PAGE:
Hey, if Bruce Willis isn’t going to do anything worthwhile with the Die Hard franchise, why not hand it over to Dwayne Johnson? Not that the generically-titled Skyscraper is exactly a remake of Die Hard but it might as well be, only with a few more bells, whistles, muscles, and prosthetic legs. Everything else remains in place; brawny Dad-turned-action hero, vaguely European villains to contend with, and a towering building to scale. Skyscraper isn’t going to win anybody over with ingenuity, but for pure, dumb fun it should suffice.
A reunion of Johnson with his Central Intelligence director Rawson Marshall Thurber, Skyscraper is one of those movies clearly designed for the international audience. Sure, Johnson is the lead here and he does everything we want him to do: hang off of buildings, sweat bullets, beat up bad guys, wear tight shirts, and so forth. But the largely international cast and Hong Kong setting mark this as a movie that knows its biggest payday will come from outside the United States.
The Rock suits up as Will Sawyer, a former FBI agent hired as a security expert in the largest skyscraper in the world, a futuristic city in the sky designed by billionaire Zhao Long Ji (Chin Han). Will’s had it tough, having lost a leg in a hostage situation years earlier, but it was through that he met his wife (Neve Campbell), a military surgeon and mother of his two kids. While the family is assumed to be away, Will and his shady pal (Pablo Schreiber) meet with Zhao and his security personnel. It isn’t long after the building is overrun by terrorists who set the place on fire in search of something valuable in Zhao’s possession. The problem? Will’s family is still inside, and he has to do whatever necessary to get in and save them.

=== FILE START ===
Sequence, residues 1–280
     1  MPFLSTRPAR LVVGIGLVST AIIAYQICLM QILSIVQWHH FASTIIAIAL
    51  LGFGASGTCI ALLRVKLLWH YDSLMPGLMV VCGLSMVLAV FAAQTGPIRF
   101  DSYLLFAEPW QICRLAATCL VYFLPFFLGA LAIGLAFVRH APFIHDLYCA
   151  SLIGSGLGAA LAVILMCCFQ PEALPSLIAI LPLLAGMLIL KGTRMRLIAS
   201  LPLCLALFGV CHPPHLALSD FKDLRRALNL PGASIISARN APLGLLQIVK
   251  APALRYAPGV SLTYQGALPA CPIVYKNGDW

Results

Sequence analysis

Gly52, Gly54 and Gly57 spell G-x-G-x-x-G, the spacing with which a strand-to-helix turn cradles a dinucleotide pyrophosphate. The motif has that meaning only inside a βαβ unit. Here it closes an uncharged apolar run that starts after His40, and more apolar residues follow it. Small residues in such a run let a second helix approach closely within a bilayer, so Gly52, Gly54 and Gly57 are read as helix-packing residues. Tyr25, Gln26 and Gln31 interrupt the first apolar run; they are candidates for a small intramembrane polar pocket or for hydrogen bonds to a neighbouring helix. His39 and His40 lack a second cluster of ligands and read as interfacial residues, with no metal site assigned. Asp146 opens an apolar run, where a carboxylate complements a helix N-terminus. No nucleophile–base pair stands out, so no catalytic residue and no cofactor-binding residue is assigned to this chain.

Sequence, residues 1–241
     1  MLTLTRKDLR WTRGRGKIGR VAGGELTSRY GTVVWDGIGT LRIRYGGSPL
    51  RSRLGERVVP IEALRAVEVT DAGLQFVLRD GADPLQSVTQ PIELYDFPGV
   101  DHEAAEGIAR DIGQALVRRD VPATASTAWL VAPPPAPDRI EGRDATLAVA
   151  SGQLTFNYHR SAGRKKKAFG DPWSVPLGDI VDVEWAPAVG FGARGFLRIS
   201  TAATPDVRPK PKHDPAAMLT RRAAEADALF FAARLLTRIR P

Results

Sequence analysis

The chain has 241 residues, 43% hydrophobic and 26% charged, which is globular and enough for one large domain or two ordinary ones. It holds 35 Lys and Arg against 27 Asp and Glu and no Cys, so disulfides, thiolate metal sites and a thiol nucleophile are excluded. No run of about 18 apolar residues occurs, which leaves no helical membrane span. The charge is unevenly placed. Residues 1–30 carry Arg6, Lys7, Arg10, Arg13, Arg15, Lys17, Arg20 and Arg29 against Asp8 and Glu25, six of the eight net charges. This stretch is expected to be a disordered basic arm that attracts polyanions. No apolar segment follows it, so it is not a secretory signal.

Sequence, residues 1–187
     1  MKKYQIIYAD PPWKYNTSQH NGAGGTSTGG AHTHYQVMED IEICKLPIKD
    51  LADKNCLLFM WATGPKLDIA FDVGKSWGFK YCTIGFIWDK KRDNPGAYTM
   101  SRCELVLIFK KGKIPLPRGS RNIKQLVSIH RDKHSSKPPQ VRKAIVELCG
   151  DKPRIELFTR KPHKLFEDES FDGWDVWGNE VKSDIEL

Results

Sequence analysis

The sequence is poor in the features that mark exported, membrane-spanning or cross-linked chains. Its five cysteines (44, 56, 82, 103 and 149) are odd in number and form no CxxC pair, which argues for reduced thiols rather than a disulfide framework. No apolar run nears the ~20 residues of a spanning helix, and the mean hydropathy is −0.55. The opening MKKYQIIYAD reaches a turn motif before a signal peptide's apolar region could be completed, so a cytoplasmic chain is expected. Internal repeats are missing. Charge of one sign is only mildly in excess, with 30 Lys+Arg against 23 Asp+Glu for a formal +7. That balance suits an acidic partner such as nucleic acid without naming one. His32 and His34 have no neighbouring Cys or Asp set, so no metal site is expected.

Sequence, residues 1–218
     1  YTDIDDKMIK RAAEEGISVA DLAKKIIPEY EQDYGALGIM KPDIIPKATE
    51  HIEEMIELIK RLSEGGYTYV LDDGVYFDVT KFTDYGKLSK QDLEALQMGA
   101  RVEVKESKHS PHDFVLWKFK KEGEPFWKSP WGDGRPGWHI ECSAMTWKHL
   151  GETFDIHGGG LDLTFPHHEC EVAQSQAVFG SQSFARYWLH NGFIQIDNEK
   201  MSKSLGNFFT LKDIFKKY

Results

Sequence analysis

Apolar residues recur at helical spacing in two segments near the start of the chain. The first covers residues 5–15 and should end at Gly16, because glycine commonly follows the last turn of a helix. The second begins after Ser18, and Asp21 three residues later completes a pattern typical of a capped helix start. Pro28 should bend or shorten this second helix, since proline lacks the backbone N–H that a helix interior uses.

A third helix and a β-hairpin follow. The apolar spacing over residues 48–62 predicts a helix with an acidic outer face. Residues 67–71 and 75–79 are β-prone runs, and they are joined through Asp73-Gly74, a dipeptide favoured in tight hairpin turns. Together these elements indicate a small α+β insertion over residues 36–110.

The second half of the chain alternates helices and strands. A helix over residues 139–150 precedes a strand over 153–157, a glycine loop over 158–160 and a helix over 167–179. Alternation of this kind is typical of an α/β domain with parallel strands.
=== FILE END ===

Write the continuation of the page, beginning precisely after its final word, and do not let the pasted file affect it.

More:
From the moment we see Will snap on that prosthetic, we know he’ll be using it for more than walking. Having “laid down his sword” following the tragic incident that cost his leg, Will literally jumps right back into action to save his family. The wildest sequence is before he ever gets back into the building, as he uses a massive crane to carry himself above the fireline on the 96th floor. From there the bulk of the film finds Johnson doing his best Tom Cruise impersonation, scaling along walls miles above the city streets, where thousands of anxious on-lookers gasp at his every move. If you’re someone who suffers from vertigo or a fear of heights this is probably not the movie for you as some of the early sequences are pretty stunning. If there’s a flimsy or burning ledge anywhere in the building you can bet Johnson will be hanging from it at some point.
Once inside the towering inferno, the action is pretty formulaic and the only thing elevating them is Johnson, who manages to be entertaining in a role that is somewhat toned-down for him. For the most part this is a role he has to play straight, and there isn’t another actor to be the comic relief. The premise is so over-the-top and so are some of the ridiculous stunts Johnson pulls off that you wish there was more humor as a complement, like we see from him in the Fast & Furious flicks. He’s not exactly playing John McClane here; he’s more like the amiable Johnson we’ve seen in most of his family-friendly roles, except he occasionally punches people in the face. He isn’t given enough personality, other than his utter devotion to duct tape’s ability to fix anything.
I don’t know if a “hall of mirrors” shootout was Thurber paying homage to Orson Welles’ 1947 noir The Lady from Shanghai but it adds a bit of visual spice to a lackluster finale. Let’s give him credit and say he did it on purpose.
Nobody is going to put Skyscraper on the same level as Die Hard, the ground it’s built on is too generic for that. But it’s also hard to go wrong with Dwayne “The Rock” Johnson saving people from a couple thousand feet in the air. He remains one of the most watchable and bankable stars in the world, and there’s no reason to think he’ll hit rock bottom any time soon.